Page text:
The ghostly counterparts of these unfortunates who were left to die in prescribed localities were spirits potent for evil, a circumstance which recalls the Yoruban belief previously recorded. An offering of water was made at the Customs by the princesses of royal descent, who went in procession to secure it from the sacred ravine where the infants in question were exposed and which was haunted by these spirits.

    Among the Ibo-speaking tribes of Southern Nigeria, who are neighbours on the east of the Bini, new-born infants which are regarded as peculiar from an Ibo point of view, e. At the adore or Wednesday ceremonies when the spirit of departed rulers of the clan are propitiated, it is the time-honoured privilege of the herald to drink first from the ceremonial cup.

    He had access to the sacred groves. They were all deformed or maimed, their monkey-skin caps had a gold plate in front and the tail hanging down behind. Be silent! Be quiet!

    Pray hear! They suggest the Oyez!

    Creatures of the Benin Kingdom: A Tale of Mystic, Magic and the Supernatural

    Two, at any rate, are hunchbacks and one is pigeon-breasted. It is not to be supposed, of course, that this picture was drawn on the spot, but it is sufficiently true in other respects to known details to make it evident that it was drawn under competent direction. An earlier writer, also a Dutchman, known only by his initials, D. He then shows all his power, wealth, and all merrymaking things and amusements he can think of, and can bring forth. Another view of the same figure. Image Number: Further to illustrate this and thus to throw some light on the functions of dwarfs and the beliefs concerning them in Benin, a summary review of our information on this subject will be necessary.

    To begin with certain states of Upper Guinea, which have had a similar cultural development, and some of which are known to have had close relations with Benin: Yoruba gave to Benin some hundreds goat mating video download years ago the dynasty whose last representative was deposed by England in Here persons who were physically abnormal were maintained not only in the households of kings but also of lesser magnates, as we learn from the following tradition.

    A certain King Abipa, whose ancestors had reigned at Oyo, the ancient capital of the land, was determined to make Oyo once more the royal seat against the wishes of his principal chiefs. The latter, despairing of turning him from his purpose by persuasion or force, resorted to stratagem. Abipa was preparing to send persons to inspect the abandoned sites at Oyo, when the chiefs, learning of his purpose, chose from among their followers a hunchback, a dwarf, a cripple, and an albino, and sent them to occupy a hill outside the old town.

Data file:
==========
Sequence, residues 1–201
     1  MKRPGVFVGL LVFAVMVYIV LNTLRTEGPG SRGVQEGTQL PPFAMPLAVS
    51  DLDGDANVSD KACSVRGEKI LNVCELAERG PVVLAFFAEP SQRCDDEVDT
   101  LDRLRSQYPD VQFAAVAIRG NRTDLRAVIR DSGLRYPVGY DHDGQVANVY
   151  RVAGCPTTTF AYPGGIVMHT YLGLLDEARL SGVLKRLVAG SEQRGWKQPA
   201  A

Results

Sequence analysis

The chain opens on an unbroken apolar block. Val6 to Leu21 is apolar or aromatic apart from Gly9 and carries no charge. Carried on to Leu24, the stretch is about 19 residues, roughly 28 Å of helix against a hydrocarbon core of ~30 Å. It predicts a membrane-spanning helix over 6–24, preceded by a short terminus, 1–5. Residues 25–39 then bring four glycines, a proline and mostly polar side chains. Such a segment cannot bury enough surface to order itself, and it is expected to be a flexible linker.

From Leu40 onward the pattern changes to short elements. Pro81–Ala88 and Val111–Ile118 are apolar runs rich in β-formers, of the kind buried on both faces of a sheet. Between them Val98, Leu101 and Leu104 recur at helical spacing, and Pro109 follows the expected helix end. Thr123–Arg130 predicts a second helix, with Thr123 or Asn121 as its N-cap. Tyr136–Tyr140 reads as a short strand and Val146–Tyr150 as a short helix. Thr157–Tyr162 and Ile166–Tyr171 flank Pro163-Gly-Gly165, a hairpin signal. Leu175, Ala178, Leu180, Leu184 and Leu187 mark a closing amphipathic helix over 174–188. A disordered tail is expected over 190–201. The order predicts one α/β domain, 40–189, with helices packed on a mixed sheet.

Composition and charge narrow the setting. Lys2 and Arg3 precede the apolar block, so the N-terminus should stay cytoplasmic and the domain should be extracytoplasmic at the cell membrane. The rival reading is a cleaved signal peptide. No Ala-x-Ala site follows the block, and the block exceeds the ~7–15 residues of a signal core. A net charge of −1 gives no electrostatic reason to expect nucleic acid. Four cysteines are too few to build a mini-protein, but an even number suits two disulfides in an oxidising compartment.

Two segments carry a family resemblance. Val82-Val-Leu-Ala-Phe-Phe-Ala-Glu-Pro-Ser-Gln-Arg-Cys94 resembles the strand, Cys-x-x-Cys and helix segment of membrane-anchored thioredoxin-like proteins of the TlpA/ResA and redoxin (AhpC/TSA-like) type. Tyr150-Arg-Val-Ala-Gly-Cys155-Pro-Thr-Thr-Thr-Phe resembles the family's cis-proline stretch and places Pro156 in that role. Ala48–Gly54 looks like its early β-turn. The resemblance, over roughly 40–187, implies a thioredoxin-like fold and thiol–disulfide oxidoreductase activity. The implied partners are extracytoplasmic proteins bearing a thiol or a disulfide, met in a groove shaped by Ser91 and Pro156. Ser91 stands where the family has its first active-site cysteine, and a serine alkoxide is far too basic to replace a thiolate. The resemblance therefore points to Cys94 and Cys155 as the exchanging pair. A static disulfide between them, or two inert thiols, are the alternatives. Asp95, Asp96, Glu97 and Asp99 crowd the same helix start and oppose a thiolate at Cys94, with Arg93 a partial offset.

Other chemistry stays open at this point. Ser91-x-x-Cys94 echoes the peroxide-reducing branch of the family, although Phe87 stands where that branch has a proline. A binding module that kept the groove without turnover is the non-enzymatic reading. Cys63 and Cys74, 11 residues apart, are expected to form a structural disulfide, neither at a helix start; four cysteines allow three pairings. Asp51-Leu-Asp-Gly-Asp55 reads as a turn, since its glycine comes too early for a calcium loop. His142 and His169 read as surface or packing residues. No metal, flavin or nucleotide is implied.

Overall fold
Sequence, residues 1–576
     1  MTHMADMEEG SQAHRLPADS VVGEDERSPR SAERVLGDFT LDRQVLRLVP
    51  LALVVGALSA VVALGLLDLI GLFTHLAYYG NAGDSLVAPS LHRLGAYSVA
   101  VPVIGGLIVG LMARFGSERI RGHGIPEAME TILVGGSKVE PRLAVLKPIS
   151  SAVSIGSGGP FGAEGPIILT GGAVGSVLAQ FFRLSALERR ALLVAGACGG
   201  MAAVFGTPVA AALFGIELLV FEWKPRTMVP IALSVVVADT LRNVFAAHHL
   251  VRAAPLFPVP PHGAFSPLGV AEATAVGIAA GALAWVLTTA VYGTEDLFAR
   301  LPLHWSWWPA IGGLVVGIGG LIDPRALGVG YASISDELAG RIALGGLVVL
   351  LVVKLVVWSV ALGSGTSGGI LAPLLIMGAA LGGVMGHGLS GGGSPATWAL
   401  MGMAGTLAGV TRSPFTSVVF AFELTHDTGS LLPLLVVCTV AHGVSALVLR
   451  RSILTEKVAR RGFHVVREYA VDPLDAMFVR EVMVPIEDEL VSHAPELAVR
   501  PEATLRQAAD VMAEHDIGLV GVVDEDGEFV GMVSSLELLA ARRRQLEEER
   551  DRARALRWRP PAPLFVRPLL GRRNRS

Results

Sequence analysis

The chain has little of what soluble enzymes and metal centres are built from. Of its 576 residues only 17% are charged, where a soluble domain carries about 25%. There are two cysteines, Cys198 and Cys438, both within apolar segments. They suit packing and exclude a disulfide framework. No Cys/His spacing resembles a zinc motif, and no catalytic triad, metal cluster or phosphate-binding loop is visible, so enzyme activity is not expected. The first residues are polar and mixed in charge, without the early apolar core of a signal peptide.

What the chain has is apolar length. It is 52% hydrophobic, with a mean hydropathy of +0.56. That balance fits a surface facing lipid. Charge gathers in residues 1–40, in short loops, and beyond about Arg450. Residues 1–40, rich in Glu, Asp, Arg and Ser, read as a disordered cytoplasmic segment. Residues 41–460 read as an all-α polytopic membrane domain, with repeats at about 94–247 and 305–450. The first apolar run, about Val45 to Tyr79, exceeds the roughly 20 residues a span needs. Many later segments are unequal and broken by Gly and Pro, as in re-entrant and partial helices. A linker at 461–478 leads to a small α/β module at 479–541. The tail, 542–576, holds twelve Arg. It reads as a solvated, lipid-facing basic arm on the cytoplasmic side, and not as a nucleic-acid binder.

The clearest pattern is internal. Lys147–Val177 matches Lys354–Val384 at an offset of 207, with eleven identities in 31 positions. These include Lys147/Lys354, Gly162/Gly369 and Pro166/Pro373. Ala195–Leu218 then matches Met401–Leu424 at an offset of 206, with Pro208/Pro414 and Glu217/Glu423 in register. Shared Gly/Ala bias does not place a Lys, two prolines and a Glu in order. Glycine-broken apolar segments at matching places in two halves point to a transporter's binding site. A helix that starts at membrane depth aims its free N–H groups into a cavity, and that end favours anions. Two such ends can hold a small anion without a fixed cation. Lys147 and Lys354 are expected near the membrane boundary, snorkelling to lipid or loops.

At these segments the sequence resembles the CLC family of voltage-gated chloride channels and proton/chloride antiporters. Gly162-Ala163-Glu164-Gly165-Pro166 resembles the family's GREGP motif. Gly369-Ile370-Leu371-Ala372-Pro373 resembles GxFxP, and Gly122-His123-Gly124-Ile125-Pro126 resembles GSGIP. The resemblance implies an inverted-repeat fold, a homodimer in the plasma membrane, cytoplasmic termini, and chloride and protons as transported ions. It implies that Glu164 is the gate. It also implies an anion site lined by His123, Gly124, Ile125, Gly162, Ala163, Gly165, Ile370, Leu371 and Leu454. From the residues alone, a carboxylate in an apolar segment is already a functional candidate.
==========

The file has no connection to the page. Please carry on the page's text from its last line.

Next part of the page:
The king then sent six hunters, intrepid men who were not likely to be frightened by shadows. Discovering the imposture, they brought in the counterfeit spirits, who were then questioned and disclosed the details of the fraud.

    Thereupon the king invited the traitorous chiefs to a banquet and caused them to be served with drink each by his own monstrosity. Consternation of the naughty officials and triumph of the king! Further, since in Benin, the holy city of the latter kingdom, the king was in some sense a god, if the Yoruba conception of the proper functions of dwarfs survived in seventeenth century Benin, it would be peculiarly fitting that dwarfs should be servants of the king.

    Practice does not always follow theory exclusively, not excepting the practices which follow the principles laid down in myths. Perhaps these dwarfs, etc. Or, since the great chiefs were deputies of the king, he may have delegated some of his sacredness to them as sanction of their departmental acts.

    There is evidence of such delegation in Benin. Their presence is remarked by several European witnesses of the ceremonies. Benin], an incident of the Customs, F.

    These deformities. We repeatedly saw troops of little she-hunchbacks. A closer and more recent student of life in Dahomey throws a curious light on the subject. We shall return to him; for the present noting only that deformed infants were commonly exposed in Dahomey, and that a peculiar ritual in connection with their exposure was instituted, apparently to give official and divine sanction to, while controlling, a custom the undiscriminating practice of which for some reason it was felt necessary to check.

    Since, obviously, not a few of the deformed were spared and took a prominent part in the principal religious ceremonies of the year, I suggest that the official control of the brutal custom of exposure was instituted in order to secure a supply of hunchbacks and dwarfs for ritual purposes. The ghostly counterparts of these unfortunates who were left to die in prescribed localities were spirits potent for evil, a circumstance which recalls the Yoruban belief previously recorded.